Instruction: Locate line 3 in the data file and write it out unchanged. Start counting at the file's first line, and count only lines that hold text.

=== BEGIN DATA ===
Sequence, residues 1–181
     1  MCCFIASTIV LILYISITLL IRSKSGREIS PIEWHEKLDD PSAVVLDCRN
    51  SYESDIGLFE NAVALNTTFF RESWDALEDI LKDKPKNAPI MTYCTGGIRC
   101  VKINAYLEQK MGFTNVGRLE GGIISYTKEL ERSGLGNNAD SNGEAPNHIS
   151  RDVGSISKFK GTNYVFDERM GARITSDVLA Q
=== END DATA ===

    51  SYESDIGLFE NAVALNTTFF RESWDALEDI LKDKPKNAPI MTYCTGGIRC